Grace's Guide To British Industrial History

Registered UK Charity (No. 115342)

Grace's Guide is the leading source of historical information on industry and manufacturing in Britain. This web publication contains 163,484 pages of information and 245,913 images on early companies, their products and the people who designed and built them.

Grace's Guide is the leading source of historical information on industry and manufacturing in Britain. This web publication contains 147,919 pages of information and 233,587 images on early companies, their products and the people who designed and built them.

Frogmore Paper Mill

From Graces Guide

of Apsley, Hertfordshire

See also Frogmore Paper Mill and Visitor Centre

Frogmore Mill is thought to have been in existence at the time of the Domesday Book (1086) as a corn mill

Later changed to fulling cloth then to papermaking in 1774.

It was known as Mill No 401 in the excise list.

1803 After experimenting for three years on the Didot design of machine to make paper in a continuous manner, John Gamble and Bryan Donkin installed the machine at Frogmore Mill, Hertfordshire, acquired by the Fourdriniers (Henry and Sealy) as the site for their new paper-making entreprise.

1809 John Dickinson arranged financing to buy Apsley mill and the nearby Nash Mill in 1811 where he installed and developed machines of his design which were producing some of the best and most consistent paper in the country.

1810 The Fourdriniers went bankrupt.

1817 Like Two Waters Mill, Apsley was bought by the Grand Junction Canal Co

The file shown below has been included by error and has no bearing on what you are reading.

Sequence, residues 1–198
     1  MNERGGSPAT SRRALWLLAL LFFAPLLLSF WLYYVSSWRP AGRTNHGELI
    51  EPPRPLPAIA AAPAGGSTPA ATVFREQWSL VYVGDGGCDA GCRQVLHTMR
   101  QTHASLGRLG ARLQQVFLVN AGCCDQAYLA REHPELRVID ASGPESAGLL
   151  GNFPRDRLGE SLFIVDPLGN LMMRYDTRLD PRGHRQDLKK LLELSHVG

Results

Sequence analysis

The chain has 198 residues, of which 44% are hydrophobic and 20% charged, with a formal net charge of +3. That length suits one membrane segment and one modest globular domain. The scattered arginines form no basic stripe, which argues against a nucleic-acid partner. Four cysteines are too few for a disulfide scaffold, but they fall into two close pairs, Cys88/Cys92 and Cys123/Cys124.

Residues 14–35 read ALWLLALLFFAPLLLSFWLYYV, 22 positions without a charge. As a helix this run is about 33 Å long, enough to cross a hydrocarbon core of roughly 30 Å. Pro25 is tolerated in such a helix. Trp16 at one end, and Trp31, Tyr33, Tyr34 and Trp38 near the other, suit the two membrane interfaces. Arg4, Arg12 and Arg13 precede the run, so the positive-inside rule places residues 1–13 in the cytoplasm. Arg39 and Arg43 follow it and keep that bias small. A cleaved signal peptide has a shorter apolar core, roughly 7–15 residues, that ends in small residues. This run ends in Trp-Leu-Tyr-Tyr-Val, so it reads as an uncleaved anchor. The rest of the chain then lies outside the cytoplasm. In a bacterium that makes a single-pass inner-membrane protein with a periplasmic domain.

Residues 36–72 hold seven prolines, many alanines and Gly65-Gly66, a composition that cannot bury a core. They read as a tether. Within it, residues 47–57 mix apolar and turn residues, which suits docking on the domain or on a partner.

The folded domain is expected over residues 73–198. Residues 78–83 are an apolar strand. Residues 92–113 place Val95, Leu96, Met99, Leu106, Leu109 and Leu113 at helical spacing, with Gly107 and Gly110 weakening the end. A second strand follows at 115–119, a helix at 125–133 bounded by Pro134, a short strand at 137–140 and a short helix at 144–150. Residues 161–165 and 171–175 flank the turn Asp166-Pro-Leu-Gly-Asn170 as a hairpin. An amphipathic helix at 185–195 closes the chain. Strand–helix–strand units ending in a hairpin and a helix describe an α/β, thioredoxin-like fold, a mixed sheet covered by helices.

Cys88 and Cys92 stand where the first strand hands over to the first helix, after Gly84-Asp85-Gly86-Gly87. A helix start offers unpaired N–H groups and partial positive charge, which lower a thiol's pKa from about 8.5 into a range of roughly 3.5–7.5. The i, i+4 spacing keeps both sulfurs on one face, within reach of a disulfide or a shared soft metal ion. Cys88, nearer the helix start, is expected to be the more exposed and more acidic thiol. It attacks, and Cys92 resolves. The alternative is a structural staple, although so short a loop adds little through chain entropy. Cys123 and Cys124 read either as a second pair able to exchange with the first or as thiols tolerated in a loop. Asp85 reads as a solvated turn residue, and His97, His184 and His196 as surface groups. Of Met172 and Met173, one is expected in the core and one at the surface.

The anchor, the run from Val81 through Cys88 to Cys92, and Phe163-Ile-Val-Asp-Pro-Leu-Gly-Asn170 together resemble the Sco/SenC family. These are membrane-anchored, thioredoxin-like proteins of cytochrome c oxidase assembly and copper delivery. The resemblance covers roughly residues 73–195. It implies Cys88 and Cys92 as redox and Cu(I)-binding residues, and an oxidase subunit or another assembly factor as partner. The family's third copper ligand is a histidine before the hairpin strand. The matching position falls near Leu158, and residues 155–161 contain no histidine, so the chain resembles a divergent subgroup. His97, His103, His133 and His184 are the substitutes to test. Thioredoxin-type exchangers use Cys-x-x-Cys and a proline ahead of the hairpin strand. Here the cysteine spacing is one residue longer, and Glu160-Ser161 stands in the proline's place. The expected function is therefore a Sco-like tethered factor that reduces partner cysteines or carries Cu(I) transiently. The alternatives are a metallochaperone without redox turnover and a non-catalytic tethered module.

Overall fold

By 1817 it had been leased by William Nash who died in 1824. It was then run by his wife until about 1830.

1851 Hugh Burgess and Charles Watt made paper from wood by a chemical process, now known as soda pulp, for a newspaper trial.

Esparto grass was prepared at Two Waters and Frogmore Mills to supply the Dickinson Company mills further downstream, (Apsley, Nash, Home Park, Croxley) when the company reorganised for the greater efficiency of each mill. Thereafter, each mill had a specific role within the production process, thus avoiding duplication.

1877-88 John Dickinson and Company leased Frogmore Mill and Two Waters Mill to prepare esparto half stuff for their other mills, for a period of 10 years after which trials of pulp production from a variety of vegetable fibres including bamboo, esparto and wood were explored at Frogmore.

1890 Sanguinetti started the British Paper Co for recycling used paper, which continued until May 2000, when the Apsley Paper Trail charity took on the site to preserve the legacy.

1971 Listed as the British Paper Co.[1]


See Also

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Sources of Information

  • [1] Apsley Trust
  • [2] Frogmore Mill